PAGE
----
Wednesday, 16 October 2013

Forget a flashy new director, DOCTOR WHO needs new writers!

Wednesday, 16 October 2013

The recent announcement that Ben Wheatley (Kill List, Sightseers) is going to direct two episodes of Doctor Who spread like wildfire on the internet, despite the fact Wheatley's far from a household name. (Ask your mum about her favourite moment from A Field in England to see what I mean.) But while it's interesting to see some excitement for a director joining the show (especially one with such a dark sensibility at the cinema), TV has always been a writer's medium. I'd be more excited if the BBC had announced another "celebrity writer", along the lines of Neil Gaiman or Richard Curtis (who both debuted with esteemed episodes "The Doctor's Wife" and "Vincent and The Doctor", respectively).

There are undoubtedly plenty of British writers who would love the chance to write an episode of Doctor Who, if only to satisfy a long-held childhood dream. So here are seven (well, technically eight) British writers I think deserve a crack at writing Doctor Who...

Jack Thorne.

He's the creator of BBC Three's short-lived supernatural drama The Fades, so certainly knows a thing or two about crafting a spooky tale aimed at teens. His background's in the ground-breaking Skins and tough social drama This Is England, so it would be fun to see him apply that outlook to something more light-hearted like Doctor Who.

Abi Morgan.

One thing Who's often criticised for is the lack of strong female writers, so why not sign up an award-wining playwright who won a BAFTA for her work on 1960s newsroom drama The Hour? There's nothing in her filmography to indicate a love of sci-fi and fantasy, alas, but I'm sure she could put together something interesting.

Alan Moore.

Best-known for his trailblazing graphic novels of the 1980s (V for Vendetta, Watchmen, The League of Extraordinary Gentlemen, Batman: The Killing Joke), Moore writing a Who episode would be nirvana to geeks. He wrote comic-strips for Doctor Who Magazine early in his career, and his ensuing comic-book success influenced late-'80s Who adventures "Paradise Towers", "The Greatest Show in the Galaxy" and "Dragonfire". I have no doubt a Moore-penned Who story would be unforgettable, very imaginative, and probably more than a little controversial. Although he'd almost certainly be heavily rewritten because I'm not sure "family friendly" is his metier.

Sam Bain & Jesse Armstrong.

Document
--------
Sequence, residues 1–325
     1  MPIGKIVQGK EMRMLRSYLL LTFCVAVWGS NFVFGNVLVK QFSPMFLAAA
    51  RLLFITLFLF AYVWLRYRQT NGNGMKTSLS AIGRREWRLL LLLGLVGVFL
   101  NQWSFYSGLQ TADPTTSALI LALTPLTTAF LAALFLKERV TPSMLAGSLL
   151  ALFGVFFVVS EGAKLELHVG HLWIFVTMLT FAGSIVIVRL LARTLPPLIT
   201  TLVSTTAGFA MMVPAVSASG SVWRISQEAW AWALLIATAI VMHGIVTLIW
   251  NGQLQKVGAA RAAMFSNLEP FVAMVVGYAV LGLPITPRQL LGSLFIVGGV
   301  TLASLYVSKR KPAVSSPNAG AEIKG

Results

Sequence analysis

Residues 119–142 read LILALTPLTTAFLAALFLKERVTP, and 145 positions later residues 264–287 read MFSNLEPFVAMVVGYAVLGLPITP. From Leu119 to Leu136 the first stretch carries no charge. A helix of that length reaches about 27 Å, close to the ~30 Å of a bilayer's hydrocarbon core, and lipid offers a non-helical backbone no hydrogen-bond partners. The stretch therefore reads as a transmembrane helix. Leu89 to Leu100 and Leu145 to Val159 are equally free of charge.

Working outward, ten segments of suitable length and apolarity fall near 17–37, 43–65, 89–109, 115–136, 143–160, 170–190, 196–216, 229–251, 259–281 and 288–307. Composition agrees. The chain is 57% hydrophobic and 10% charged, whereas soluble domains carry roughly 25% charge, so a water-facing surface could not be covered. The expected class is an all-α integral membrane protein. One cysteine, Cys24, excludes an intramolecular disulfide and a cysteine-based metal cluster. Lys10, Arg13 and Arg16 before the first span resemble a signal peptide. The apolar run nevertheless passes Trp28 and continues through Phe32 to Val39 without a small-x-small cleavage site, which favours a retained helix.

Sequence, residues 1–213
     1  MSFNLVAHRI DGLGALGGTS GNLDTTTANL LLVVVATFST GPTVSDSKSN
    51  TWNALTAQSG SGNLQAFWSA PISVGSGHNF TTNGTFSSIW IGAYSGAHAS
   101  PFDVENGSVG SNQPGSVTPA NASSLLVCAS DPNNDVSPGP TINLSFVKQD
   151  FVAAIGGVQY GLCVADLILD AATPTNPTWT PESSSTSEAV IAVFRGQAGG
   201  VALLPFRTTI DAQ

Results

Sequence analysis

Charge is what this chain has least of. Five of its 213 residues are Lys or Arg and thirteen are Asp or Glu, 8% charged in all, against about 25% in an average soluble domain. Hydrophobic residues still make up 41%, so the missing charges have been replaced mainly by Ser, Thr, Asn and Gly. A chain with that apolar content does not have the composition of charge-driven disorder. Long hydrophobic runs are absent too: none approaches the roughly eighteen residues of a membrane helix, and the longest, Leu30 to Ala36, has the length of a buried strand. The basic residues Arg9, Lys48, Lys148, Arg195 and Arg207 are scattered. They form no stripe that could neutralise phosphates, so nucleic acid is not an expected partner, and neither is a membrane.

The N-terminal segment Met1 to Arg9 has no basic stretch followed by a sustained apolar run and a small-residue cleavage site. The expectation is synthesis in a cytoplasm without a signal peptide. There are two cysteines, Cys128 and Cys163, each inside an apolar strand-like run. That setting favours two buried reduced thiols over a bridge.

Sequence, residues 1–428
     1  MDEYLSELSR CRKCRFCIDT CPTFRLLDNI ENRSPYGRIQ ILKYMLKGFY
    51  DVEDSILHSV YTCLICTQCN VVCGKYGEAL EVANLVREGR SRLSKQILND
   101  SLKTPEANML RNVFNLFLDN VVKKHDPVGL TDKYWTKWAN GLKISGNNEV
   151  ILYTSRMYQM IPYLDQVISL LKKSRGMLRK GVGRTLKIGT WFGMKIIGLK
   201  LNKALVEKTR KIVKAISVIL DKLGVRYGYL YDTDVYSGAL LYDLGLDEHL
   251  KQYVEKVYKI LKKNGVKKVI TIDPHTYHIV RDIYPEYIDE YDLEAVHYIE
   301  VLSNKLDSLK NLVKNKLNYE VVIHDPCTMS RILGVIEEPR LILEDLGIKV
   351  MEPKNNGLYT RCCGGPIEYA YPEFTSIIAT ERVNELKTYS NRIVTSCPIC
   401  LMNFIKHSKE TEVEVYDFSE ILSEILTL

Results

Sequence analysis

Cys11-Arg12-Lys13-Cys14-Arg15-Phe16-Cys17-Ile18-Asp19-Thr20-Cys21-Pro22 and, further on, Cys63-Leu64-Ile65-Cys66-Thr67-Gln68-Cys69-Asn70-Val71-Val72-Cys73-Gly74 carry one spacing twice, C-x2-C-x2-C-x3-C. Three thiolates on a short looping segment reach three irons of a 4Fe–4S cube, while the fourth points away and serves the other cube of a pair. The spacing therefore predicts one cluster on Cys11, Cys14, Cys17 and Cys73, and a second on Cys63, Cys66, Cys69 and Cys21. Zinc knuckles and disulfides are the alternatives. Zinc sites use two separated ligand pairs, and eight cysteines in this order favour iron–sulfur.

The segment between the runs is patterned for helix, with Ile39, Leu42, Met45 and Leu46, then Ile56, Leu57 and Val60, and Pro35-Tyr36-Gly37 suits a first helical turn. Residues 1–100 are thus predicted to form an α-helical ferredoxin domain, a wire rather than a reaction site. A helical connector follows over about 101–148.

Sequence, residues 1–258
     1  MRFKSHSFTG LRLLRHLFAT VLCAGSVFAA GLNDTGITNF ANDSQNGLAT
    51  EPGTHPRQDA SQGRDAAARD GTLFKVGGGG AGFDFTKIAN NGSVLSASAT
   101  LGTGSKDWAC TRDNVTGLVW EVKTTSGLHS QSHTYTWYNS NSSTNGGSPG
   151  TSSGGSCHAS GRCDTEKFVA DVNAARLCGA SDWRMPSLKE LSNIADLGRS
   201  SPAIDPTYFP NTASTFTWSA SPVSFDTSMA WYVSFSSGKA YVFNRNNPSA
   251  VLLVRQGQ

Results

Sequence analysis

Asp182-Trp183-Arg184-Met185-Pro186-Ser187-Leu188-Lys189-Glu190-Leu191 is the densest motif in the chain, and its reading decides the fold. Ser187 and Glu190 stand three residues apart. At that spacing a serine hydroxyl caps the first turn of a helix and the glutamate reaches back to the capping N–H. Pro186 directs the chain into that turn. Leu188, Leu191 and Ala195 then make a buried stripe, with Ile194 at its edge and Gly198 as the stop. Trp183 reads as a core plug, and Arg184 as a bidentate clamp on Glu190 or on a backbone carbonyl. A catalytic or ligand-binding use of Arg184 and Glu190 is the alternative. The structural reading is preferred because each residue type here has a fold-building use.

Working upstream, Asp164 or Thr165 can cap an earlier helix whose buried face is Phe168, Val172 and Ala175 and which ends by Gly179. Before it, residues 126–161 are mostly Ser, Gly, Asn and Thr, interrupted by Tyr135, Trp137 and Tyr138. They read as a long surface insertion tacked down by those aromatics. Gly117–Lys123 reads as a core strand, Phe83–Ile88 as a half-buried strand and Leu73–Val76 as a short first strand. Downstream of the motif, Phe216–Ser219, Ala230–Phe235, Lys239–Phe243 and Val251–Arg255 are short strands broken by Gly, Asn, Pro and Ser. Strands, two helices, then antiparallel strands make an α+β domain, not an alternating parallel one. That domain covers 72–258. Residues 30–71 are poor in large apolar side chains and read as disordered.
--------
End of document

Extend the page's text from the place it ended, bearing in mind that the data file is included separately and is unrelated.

They're the hottest thing in UK sitcom, having created Peep Show and Fresh Meat, but let's not forget Bain and Armstrong also wrote the excellent sci-fi hour "The Entire History of You" for Black Mirror. Their story of a world where everyone's memories are recorded and accessible for instant-replays was so compelling Robert Downey Jr himself intends to make a movie based on it! Who has always had a strong comedy backbone, too, so Bain and Armstrong feel like an ideal partnership for the show.

Jane Goldman.

The co-writer of Kick-Ass and X-Men: First Class has a big 'geek streak' (like husband Jonathan Ross). She's also friends with Who scribe Neil Gaiman (whose novel Stardust she adapted for the screen), so it's not hard to imagine Goldman writing for Who. I just wonder if her talent lies in adaptation, as she's yet to write anything original. Even The Woman in Black was based on a novel.

Anthony Horowitz.

A prolific children's novelist, most notably with his Alex Rider action-adventure series, Horowitz is an ideal fit for Doctor Who today. You actually have to wonder why he's never been offered an episode, as he's even writing the next Tintin movie for Steven Spielberg and Peter Jackson (a job Steven Moffat had last time). Horowitz has all the necessary credentials to turn in good, strong episodes.

Charlie Higson.

Another writer with a comedy heritage (The Fast Show), but Higson's also a popular novelist thanks to his Young James Bond books. More relevantly, he was a key figure behind the underrated Randall & Hopkirk (Deceased) TV revival in the early-'00s. That alone's reason enough to get him writing a Doctor Who, as I firmly believe R&H(D) was a creative stepping stone on the way to the BBC having confidence to bring Who back to life. Quite a few episodes had a lovely Avengers feel, too, so Higson clearly knows his British telefantasy.